A Rundown on Financial Literacy: Student Edition

By Nathan Keyworth

In today’s world, there is an overwhelming number of students who are financially illiterate. It’s not something to be frowned upon and should never be used as an insult. Instead, it’s a topic that students need to educate themselves on. Most practice the basics of it already: budgeting money, saving it up for different purchases, making those purchases… Everyone who is mixed up in the world of finances knows what it’s like. Several Stratford teachers and alumni have come together to try and teach you some of what you will need to know about financial literacy heading into your life as an adult.

Stratford alum Caleb Oliphant had the drive to earn a full-ride scholarship to Texas A&M called the Brockman Scholarship.

“The spending money for this scholarship comes in the form of a cash stipend that is deposited to your checking account at the beginning of each semester,” Oliphant said. “Because of the biyearly installments of this stipend, it essentially becomes a pseudo-salary that I can budget with. With this money, I can pay for my personal expenses and then some more fun stuff without much difficulty. However, if I start saving over the next 5 years of the scholarship, I will slowly accumulate enough stipend money so that I could afford a big purchase, like a decent car, right out of college. This long term incentive is teaching me the importance of saving money.”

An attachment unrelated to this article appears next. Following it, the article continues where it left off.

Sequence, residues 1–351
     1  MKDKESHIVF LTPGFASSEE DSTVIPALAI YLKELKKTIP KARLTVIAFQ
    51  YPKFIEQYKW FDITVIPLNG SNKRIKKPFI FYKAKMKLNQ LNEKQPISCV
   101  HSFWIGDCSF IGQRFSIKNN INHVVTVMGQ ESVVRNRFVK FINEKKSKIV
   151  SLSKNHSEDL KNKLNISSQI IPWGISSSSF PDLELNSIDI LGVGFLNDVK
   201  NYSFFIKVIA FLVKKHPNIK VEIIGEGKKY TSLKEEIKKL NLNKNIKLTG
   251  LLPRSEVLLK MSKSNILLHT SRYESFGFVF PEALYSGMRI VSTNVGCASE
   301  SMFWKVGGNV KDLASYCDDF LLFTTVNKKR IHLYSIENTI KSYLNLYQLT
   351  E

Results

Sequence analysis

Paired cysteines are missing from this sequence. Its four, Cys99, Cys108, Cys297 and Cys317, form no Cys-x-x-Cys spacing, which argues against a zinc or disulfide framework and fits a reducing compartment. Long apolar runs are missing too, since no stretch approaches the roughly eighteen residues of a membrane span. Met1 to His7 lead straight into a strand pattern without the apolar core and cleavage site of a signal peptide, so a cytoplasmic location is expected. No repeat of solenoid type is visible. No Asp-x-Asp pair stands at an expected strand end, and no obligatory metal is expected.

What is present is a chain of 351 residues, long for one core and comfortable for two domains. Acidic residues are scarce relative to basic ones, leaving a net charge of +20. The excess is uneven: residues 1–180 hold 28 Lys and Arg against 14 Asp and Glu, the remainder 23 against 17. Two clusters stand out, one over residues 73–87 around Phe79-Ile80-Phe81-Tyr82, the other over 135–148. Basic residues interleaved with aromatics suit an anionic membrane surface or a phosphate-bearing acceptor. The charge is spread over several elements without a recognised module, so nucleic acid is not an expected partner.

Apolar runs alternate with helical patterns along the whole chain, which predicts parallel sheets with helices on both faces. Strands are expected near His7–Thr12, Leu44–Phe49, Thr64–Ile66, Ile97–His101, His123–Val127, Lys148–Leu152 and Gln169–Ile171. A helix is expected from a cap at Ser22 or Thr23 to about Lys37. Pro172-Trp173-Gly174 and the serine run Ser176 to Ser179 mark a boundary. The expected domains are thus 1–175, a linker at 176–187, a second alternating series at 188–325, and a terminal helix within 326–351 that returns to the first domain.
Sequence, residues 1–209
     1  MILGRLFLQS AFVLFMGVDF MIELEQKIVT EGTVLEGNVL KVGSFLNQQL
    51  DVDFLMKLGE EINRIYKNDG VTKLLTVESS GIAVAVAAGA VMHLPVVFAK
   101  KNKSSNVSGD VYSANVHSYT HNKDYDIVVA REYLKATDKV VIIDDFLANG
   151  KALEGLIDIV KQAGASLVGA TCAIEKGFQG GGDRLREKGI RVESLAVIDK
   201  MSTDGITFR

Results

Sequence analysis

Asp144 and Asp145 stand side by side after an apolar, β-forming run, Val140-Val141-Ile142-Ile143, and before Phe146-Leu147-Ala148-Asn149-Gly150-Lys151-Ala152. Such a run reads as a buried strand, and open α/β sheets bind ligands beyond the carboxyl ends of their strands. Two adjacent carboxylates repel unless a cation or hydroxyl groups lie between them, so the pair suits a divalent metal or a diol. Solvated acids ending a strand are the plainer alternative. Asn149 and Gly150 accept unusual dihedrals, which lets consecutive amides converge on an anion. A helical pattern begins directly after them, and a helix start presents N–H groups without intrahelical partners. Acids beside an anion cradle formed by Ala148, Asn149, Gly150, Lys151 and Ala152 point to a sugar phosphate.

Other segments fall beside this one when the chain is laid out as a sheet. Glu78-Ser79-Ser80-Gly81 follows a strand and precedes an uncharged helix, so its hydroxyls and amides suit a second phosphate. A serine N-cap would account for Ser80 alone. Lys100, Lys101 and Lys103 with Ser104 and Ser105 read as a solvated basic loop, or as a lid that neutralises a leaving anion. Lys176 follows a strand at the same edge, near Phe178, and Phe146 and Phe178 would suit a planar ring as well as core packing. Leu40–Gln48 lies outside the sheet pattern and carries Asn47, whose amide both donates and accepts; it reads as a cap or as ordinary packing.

Stratford alumni Franco Grimoldi Calo wanted to make sure that students know how a scholarship works.

“Get started with scholarships as soon as possible,” Grimoldi Calo said. “Apply to many scholarships while in high school, and do activities that will broaden your scholarship range. Many scholarships want essays about community service, so having that community service experience will help you while you’re in high school.”

Financial Math teacher Scott Elmore drew from his knowledge on the subject he teaches.

“Financial Math helps students learn tools they will need in adulthood,” Elmore said. “This course covers managing your income; managing your expenses and how to pay for them (cash, credit, loans); financial decisions (purchasing a car, home, insurance, investments), among other things. Also, students should know that a four-year college experience is NOT the only option for them to consider. Technical and trade schools are also available and important opportunities to consider; they can offer good, satisfying careers in less time than it would take to get a job and start earning money if you went the four-year college route.”

When asked about any extra words of advice he would give students on financial literacy, Economics teacher Jack Wigginton had this to say:

“Make wise credit decisions. Don’t overextend yourself with credit cards or take loans out unless you can pay them back. Only use credit cards when you know you can pay off the balance at the end of the month. The difference between having good credit and having bad credit could end up costing you hundreds of thousands of dollars over your lifetime.”

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